Delilah thought quickly and said, ‘It’s in me
contract, guvnor, floors 0 to 99 only. I’m not cleared for any lower –
security and all that. Know what I mean? Paperwork. Clearance. Shame, can’t
help. Out of the question. Right pity. But that’s the way it is.’ And she
headed for the door, wondering how she’d picked up the plumber’s lingo when
she’d been mad most of the time she spent with him.

‘Before you swagger away,’ said the boss, his Life
already to his ear, ‘let me just see about that. You’re a plumber, plumbers go
where they’re told. Clearance my arse.’ He spoke into his Life, ‘Yes? Hello?
What is your name? Is it? Mine is different … Don’t take that tone with me
… You can, yes. We’re having some trouble here on 49 with a bolshie plumber.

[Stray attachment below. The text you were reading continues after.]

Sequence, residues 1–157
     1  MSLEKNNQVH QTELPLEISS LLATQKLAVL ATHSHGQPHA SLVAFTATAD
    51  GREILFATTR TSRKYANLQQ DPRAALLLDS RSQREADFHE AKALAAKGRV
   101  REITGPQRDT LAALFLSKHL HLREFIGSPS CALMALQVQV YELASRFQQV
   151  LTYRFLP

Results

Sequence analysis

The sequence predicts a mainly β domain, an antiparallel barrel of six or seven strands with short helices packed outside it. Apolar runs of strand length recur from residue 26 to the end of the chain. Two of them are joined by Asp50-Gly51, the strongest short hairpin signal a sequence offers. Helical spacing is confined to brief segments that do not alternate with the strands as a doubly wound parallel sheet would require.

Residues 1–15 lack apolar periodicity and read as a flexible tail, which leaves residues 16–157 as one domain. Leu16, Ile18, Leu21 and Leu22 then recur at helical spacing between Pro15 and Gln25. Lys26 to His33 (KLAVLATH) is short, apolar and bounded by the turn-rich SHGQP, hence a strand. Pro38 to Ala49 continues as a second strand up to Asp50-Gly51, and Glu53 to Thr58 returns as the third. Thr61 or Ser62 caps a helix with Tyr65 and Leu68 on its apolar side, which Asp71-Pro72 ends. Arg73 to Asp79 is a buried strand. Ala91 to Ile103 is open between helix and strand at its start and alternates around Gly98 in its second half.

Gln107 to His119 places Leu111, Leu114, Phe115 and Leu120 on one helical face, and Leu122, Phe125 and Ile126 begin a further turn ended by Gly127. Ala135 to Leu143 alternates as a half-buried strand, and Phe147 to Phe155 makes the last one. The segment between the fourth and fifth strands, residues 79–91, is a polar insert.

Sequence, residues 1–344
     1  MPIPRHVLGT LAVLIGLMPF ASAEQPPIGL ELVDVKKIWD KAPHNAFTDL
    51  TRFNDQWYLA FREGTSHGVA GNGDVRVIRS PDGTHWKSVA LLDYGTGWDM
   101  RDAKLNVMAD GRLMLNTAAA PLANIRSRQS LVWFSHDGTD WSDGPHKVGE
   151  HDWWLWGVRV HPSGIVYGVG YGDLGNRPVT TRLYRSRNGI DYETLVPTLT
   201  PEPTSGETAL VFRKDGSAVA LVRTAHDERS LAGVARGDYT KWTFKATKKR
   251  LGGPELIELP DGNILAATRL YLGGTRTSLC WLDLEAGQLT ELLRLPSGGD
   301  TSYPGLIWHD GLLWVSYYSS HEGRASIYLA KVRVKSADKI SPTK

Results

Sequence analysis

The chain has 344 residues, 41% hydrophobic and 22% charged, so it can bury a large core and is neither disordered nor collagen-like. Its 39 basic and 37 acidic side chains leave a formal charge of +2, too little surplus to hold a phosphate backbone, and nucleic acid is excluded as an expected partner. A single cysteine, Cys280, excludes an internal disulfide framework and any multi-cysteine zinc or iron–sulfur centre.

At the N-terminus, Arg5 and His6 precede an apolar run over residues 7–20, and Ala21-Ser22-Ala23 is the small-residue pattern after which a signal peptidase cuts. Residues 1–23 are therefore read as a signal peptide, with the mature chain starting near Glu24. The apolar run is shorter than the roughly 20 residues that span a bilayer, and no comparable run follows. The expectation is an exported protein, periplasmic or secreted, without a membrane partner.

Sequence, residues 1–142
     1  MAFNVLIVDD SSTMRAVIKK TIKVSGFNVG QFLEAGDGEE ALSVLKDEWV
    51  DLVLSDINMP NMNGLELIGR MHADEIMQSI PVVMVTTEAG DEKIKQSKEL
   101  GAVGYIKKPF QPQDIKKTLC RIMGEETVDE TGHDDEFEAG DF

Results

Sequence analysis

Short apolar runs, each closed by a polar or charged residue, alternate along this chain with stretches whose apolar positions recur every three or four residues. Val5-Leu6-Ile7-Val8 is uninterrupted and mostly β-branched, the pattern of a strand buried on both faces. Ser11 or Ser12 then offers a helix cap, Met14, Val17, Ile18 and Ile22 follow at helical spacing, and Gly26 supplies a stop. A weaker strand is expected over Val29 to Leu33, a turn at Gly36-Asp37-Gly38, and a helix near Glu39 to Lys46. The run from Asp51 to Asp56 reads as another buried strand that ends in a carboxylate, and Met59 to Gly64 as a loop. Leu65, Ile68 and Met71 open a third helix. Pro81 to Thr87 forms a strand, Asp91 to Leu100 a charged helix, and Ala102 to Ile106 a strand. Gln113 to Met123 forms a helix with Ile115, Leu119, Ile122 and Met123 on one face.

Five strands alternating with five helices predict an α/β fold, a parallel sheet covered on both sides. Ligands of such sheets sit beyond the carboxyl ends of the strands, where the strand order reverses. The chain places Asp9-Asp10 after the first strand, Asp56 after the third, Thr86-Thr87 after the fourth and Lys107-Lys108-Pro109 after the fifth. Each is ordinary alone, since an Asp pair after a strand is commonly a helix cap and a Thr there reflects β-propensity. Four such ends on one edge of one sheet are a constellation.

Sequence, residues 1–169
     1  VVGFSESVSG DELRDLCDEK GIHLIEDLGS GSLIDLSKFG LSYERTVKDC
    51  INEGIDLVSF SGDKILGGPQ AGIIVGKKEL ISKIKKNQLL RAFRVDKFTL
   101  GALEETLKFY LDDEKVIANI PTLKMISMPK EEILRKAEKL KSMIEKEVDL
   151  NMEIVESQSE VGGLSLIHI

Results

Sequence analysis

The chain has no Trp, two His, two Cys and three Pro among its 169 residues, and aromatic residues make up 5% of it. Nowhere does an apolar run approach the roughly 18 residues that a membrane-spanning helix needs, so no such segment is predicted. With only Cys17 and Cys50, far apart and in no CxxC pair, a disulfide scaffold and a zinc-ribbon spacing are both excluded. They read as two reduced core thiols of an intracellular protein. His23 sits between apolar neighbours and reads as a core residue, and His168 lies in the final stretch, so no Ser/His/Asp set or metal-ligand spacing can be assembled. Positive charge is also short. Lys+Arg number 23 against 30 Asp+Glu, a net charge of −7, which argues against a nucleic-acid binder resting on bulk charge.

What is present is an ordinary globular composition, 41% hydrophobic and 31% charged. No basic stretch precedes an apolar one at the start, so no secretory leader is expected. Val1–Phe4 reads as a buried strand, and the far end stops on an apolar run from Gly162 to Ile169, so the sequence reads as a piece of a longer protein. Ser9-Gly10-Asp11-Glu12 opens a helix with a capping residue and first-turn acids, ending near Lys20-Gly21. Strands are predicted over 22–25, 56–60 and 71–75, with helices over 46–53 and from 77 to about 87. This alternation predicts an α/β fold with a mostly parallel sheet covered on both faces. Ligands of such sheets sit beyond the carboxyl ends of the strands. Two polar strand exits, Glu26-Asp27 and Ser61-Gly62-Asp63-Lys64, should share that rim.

Says he can’t go down to 101. Isn’t cleared. What do you have to say about
that? … Really? … Oh, I did not know. … Lots of escapes. High
security. Right you are, then. Oh? How lucky. And they can escort the plumber.
With the Missing Persons Officer right now? But just beginning a questionnaire,
I understand. … If you think it’s permitted to disturb them … Fair
enough. Yes, he’s right here in the bathroom. … We’ll wait for the
officers. No, don’t worry, he’s an excellent plumber, he’ll have 101’s troubles
fixed in … What was that? … Yes I would recommend him. He’s done all
my work for me back in my housing unit. Excellent craftsmanship, outstanding.
In fact he’s a great pal of mine. We go back a long way. Eons. Often dine
together. Only last night in the restaurant on 10, that’s right the one next to